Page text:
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David v Goliath: Lessons from Minimum Unit Pricing in Scotland

In the ten years since the concept of minimum unit pricing (MUP) was first mooted in Scotland, it has gone from being perceived as an extreme proposal by public health advocates to a mainstream policy with widespread public and political support. In 2012, MUP legislation was passed unopposed in the Scottish Parliament. Despite losing the policy argument, global alcohol producers continued to oppose this life-saving measure, challenging its legality.

In this video interview with Alison Douglas, Chief executive of Alcohol Focus Scotland, shares about her Global Alcohol Policy Conference presentation, David v Goliath: Lessons from Minimum Pricing in Scotland. Ms Douglas gives us an ex-government insider’s view of how MUP became accepted as a proportionate and appropriate response to the alcohol problem in Scotland, and the role of advocacy organisations in achieving this.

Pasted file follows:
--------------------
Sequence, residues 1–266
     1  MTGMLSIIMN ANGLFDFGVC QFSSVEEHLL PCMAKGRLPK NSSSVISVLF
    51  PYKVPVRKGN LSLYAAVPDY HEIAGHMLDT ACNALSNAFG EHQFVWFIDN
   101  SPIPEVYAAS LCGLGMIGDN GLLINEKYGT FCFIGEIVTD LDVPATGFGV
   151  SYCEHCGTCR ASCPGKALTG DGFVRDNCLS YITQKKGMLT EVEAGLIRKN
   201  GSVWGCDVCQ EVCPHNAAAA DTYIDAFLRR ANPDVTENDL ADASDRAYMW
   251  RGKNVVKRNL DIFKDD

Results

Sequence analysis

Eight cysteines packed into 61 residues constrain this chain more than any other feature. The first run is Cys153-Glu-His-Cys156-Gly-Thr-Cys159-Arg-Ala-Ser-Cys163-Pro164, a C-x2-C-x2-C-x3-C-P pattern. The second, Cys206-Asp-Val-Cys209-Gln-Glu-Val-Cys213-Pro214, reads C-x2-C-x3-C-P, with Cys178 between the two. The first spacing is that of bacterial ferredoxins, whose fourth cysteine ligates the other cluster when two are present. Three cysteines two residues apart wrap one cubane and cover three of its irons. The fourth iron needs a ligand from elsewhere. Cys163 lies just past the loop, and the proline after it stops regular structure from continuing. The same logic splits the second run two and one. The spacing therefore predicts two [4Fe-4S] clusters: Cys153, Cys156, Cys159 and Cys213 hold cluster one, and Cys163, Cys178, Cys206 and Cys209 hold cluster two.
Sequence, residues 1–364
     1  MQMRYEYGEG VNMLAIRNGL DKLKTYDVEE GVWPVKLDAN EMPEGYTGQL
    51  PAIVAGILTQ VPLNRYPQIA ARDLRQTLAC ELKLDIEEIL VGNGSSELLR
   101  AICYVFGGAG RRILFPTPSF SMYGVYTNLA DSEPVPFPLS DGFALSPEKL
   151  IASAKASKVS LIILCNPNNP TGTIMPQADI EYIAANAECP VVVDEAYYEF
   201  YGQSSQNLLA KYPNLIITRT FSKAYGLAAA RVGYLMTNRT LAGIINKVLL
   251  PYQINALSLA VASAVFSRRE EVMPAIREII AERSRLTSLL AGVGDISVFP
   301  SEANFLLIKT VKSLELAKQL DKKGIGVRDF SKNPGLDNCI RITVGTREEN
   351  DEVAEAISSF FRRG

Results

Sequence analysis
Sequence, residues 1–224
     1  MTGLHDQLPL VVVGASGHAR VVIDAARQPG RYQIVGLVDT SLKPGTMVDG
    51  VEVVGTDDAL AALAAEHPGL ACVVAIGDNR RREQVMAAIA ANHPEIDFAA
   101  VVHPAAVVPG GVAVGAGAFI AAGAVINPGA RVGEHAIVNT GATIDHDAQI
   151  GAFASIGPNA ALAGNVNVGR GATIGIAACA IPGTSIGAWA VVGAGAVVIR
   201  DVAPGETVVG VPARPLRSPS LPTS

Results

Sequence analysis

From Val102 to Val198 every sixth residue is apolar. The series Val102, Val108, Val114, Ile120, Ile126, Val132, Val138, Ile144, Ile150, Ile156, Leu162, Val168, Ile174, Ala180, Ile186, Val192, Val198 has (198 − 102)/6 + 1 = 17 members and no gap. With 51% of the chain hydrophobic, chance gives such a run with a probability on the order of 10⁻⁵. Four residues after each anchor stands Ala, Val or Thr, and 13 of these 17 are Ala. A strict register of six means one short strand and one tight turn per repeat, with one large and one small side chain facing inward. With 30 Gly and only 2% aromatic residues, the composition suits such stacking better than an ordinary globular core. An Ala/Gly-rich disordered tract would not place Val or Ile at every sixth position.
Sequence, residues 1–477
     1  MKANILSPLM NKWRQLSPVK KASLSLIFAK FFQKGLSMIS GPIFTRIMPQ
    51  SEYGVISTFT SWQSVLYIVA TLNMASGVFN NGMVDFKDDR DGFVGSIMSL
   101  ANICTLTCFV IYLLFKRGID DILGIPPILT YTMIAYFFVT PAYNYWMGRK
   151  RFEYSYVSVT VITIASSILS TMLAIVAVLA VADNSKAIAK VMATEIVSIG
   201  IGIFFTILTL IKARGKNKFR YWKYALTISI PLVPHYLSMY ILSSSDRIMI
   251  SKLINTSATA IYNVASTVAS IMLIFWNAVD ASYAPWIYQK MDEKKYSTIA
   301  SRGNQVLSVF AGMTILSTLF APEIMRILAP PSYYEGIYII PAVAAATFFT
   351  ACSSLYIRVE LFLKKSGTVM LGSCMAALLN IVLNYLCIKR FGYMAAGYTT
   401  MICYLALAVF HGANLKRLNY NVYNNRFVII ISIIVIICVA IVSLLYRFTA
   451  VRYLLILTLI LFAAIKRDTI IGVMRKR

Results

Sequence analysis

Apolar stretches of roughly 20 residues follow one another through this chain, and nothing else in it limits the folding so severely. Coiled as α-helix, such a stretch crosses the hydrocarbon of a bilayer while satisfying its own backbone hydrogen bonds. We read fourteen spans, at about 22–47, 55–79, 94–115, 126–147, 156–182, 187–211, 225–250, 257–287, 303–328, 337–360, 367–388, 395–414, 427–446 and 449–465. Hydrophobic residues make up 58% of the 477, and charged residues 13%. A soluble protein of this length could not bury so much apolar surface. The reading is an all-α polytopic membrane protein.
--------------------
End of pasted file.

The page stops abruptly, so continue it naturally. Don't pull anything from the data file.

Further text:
Ms Douglas also highlighted the critical role small advocacy organisations, such as Alcohol Focus Scotland, can play in strengthening the case for intervention going forward.


[vimeo id=”239764375″]
Editorial

Editorial

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